However, the remarkable speed of the fundraising effort has left some questioning whether French society values stone and cement more than its vulnerable.
"Of course it's a tragedy, it's a wonderful cathedral and very old, but all this money that's been given towards the rebuilding, would it not be better spent on people who are homeless?" Jacques, an enthusiastic supporter of France's anti-establishment yellow-vest movement, asked Al Jazeera.
"I think this money might be better spent, as a Catholic, helping people who need it. If all the cathedrals burn, I'll still be able to practise my religion."
On the south bank of the Seine, hordes of tourists on Friday vied for space to take photos of the Gothic masterpiece, prevented by a police cordon from getting any closer. The city's most popular destination for foreign visitors, drawing more than 12 million per year, has clearly not lost its charm.
"We took a hop-on, hop-off bus and so we could see it, just the day before," said Ressa, a visitor from Ravensburg in Germany. "No we didn't [go inside], that's a big pity."Gazing from the Pont Saint-Michel at the cathedral's almost untouched facade with its bell towers gleaming in the spring sunshine, Marina Ressa said she regrets missing the opportunity to visit Notre Dame before disaster struck.
"I was shocked. I couldn't really believe that it was happening at first," said Grace Ryan, whose hopes to visit Notre Dame were dashed as she watched the conflagration on TV shortly before flying from Chicago to Paris.
"It was crazy to see the fire falling into the building and just being worried the whole time that the whole thing was going to fall down."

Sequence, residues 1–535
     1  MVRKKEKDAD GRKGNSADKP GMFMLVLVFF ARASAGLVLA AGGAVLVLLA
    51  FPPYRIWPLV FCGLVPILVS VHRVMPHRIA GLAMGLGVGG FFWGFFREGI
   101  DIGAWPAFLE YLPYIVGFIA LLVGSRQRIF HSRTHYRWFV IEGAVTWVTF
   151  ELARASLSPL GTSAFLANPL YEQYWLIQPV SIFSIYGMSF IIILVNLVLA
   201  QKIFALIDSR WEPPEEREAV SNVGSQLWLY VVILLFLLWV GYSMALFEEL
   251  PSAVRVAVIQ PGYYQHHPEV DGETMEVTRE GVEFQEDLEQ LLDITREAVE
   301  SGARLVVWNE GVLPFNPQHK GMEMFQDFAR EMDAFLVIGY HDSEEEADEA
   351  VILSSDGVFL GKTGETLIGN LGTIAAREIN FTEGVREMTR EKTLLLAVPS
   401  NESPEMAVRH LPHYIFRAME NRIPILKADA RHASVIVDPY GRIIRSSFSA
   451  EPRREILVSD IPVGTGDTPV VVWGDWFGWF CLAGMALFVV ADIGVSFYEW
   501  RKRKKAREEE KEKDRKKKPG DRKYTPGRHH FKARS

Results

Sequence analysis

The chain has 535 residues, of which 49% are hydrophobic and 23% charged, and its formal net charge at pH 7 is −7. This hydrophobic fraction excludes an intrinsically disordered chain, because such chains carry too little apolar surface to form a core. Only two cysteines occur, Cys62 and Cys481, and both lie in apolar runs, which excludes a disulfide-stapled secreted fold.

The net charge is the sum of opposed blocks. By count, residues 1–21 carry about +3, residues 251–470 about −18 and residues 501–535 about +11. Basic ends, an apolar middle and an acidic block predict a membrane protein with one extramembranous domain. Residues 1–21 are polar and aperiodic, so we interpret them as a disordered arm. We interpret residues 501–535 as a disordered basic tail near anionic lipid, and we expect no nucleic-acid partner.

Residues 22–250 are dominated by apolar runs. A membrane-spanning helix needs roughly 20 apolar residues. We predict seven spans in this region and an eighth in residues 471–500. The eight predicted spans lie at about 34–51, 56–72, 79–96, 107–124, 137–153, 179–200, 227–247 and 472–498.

KONFRONTASI-North Korean leader Kim Jong Un has supervised the test-firing of a new type of "tactical guided weapon" in a move that could be an attempt to register the country's displeasure with currently deadlocked nuclear talks with the United States.
The country's state media, KCNA, reported on Thursday that the "advantages" of the weapon were "the peculiar mode of guiding flight and the load of a powerful warhead".
KONFRONTASI-Hundreds of Nicaraguans opposed to President Daniel Ortega took to the streets on Wednesday in protests deemed illegal by the government and several dozen were arrested, according to an opposition group, although police denied anyone was detained.
A large number of police could be seen in riot gear surrounding the site of the main protest in the capital, Managua, where they impeded some 200 Nicaraguans as the peaceful, flag-waving protesters shouted pro-democracy slogans.
KONFRONTASI-Afghan officials say that at least five people have been killed and 17 more are still missing after a new wave of heavy rain and flooding swept across the country.
Worst hit has been the western province of Herat. Hamid Mubarez, the director of disaster and humanitarian affairs in Herat, says the 17 people who were missing were last heard of while travelling in a van in a district of Obey.
The country's disaster ministry says heavy rain has hit 16 of Afghanistan's 34 provinces in the past 24 hours.
KONFRONTASI-A Russian court convicted a Norwegian man on Tuesday of gathering espionage about nuclear submarines and jailed him for 14 years, a verdict that could strain relations between Moscow and its NATO-member neighbor.
Frode Berg, a 63-year-old retired former guard on the Norwegian-Russian border, was detained in Moscow in December 2017 and tried behind closed doors this month. He pleaded not guilty to charges of espionage on behalf of Norway.